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Reviewed by:
  • The Holocaust and North Africa ed. by Aomar Boum, Sarah Abrevaya Stein
  • Francis R. Nicosia
The Holocaust and North Africa, edited by Aomar Boum and Sarah Abrevaya Stein (Stanford, CA: Stanford University Press in association with The United States Holocaust Memorial Museum, 2018), 360 pp., hardcover $90.00, paperback $29.95, electronic version available.

This collection of fifteen essays and commentaries by noted scholars constitutes an invaluable contribution to the growing body of literature on the Holocaust, North Africa, and the Middle East.

There was a significant Jewish population of about half a million in North Africa at the outbreak of World War II. These communities were directly affected by the Shoah. Geographical proximity to Europe, the presence of German troops from February 1941 to May 1943, and control over much of the region by the governments of Vichy France and Fascist Italy mean this volume helps fill a gap in Holocaust historiography. As much or more than other recent works, The Holocaust and North Africa expands our knowledge and understanding of the direct and indirect impact of Nazi persecution and mass murder in Europe on the Jews of North Africa. As the editors and several contributors make clear, this book joins other work in breaking what they term the “Eurocentric” character of Holocaust studies, with its tendency to view “victimhood” as applicable only to Ashkenazy communities. While the Sephardim of North Africa did not face systematic mass murder under a German occupation or nearby presence, they did face persecution that originated largely in Europe and was applied directly by French and Italian authorities in a harsh, if uneven, manner.

The title of this collection provides a context for the questions it addresses: definitions of the Holocaust, its geography, and particularly the varying persecution of its victims. That the editors have used “and North Africa” instead of “in North Africa” points to both parallels with Europe and differences from it. The latter here includes the three French-controlled territories of Morocco, Algeria, and Tunisia, and Italian-controlled Libya. These constituted parts of European colonial empires, with Tunisia briefly experiencing some degree of formal German occupation between [End Page 449] November 1942 and May 1943. As several contributors emphasize, the reality of antisemitism overlapped with issues of French and Italian colonialism and (mainly) Muslim anti-colonialism in the Jewish experience in North Africa before, during, and after the war.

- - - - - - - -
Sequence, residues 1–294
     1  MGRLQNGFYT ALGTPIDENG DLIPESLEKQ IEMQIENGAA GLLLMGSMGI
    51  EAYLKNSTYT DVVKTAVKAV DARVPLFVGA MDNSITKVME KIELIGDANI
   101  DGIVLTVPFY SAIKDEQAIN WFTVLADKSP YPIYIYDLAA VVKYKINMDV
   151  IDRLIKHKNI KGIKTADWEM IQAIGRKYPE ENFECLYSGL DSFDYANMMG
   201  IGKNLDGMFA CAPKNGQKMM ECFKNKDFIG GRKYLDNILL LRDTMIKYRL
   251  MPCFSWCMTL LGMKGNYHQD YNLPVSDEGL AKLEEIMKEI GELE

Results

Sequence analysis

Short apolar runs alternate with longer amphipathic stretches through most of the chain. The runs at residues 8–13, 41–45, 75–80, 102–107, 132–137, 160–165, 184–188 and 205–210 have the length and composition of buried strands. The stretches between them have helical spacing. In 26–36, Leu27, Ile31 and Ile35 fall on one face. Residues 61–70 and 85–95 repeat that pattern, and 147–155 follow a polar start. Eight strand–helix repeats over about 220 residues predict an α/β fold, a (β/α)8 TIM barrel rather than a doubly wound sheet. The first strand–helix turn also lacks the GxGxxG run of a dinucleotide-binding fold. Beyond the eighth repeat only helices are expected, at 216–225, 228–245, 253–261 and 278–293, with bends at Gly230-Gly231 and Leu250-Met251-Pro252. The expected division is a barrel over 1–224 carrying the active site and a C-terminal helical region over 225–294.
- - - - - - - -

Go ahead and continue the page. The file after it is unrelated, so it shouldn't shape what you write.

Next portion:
Several essays illustrate how persecution of the Jews in these four territories was usually not the result of direct German “orders,” but rather more about the policies of Vichy France beginning in late 1940, or those of Fascist Italy following application of anti-Jewish laws of 1938 in Libya. Nowhere do the contributors relieve Germany of responsibility; some point to postwar German reparations to Jewish survivors from North Africa. Moreover, within the context of a variety of French and Italian colonial structures, interests, and policies—combined with the antisemitism of some local colonial administrators and some among the colonial-settler populations, as well as the geographical separation of North Africa from Europe—the nature of the persecution was quite varied.

That there was nothing comparable in North Africa to the systematic “Final Solution of the Jewish Question in Europe” is quite clear. Significant evidence indicates that there would have been a comparable Final Solution in North Africa had the Axis powers won the war. This assumes that the Germans could have persuaded the French and Italian governments to permit the mass murder of the Jews in North Africa, given that the Nazis generally did not intend to challenge French and Italian sovereignty there. Nevertheless, this collection demonstrates the direct impact of the Final Solution in Europe on the Jews of North Africa. That impact often depended upon the particular political status of each of the four territories within existing French and Italian colonial structures. It also depended upon the status of individual Jews. For instance, most Algerian Jews had been French citizens since the Crémieux Decree of 1870; in October 1940, however, Vichy France determined that Jews in France and Algeria were to be defined by “race,” and therefore were no longer “French”; Moroccan and Tunisian Jews on the...


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pp. 449-451
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